The 400 ppm taste threshold for lactic in beer was presented in Malting and Brewing Science. The important things to remember is that this is the median response in humans, some may detect it at lower concentrations. In addition, malt and yeast also contribute lactic acid to the beer. Malting and Brewing Science indicates somewhere in the range of 200 to 300 ppm is contributed by those sources. Therefore you can't just add the equivalent of 400 ppm lactic acid to a beer or the water. The allowable amount will be less. I've suggested that limiting the lactic acid addition to produce 200 ppm or less concentration is wise.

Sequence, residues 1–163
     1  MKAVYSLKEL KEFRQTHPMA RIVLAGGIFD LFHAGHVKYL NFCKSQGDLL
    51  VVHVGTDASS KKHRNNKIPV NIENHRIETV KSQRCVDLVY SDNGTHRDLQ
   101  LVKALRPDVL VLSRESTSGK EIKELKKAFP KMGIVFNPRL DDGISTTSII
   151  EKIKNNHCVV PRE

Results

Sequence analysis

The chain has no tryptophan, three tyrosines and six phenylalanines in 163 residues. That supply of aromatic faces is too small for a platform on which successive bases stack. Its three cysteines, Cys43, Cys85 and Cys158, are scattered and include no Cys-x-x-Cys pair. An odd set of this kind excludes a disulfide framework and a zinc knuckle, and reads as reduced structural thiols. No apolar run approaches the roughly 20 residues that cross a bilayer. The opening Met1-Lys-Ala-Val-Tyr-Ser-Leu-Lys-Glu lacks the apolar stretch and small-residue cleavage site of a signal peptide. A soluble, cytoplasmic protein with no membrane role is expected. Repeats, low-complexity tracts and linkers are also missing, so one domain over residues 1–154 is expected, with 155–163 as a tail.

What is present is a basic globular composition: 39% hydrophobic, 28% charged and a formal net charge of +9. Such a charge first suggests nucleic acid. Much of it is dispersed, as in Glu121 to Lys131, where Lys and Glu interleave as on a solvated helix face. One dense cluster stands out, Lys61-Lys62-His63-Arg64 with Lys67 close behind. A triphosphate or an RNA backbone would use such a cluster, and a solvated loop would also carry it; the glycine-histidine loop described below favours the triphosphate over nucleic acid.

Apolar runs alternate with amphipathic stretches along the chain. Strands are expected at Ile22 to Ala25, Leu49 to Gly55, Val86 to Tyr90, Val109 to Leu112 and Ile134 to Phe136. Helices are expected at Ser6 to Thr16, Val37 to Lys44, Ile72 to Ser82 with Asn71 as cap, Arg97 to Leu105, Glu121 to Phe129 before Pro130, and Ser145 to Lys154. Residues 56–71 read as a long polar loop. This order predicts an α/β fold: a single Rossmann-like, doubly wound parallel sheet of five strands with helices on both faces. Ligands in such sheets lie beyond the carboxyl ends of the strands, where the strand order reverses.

Since lactic acid is a monovalent acid, for every 1 ppm of bicarbonate you neutralize with that acid, 1 ppm of lactate is added to the wort or water. So using the Bru'n Water calculator, you can quickly see what you are adding to the mash water since the acid addition shows up as a negative Bicarbonate addition. Keep that value below -200 ppm and you should be good. It turns out that for 88% lactic acid, that equates to about 1 to 1.1 mL acid per gallon of water. So 5 mL in 5 gal is safe. 10 mL is probably pushing it.
PS: Lactic flavor can be a pleasant component in some beer styles, so don't fret if you exceed this limit. For instance, doubling that safe 1 to 1.1 mL per gallon dose should produce a notable lactic taste. Good for Wits, Berliners, etc.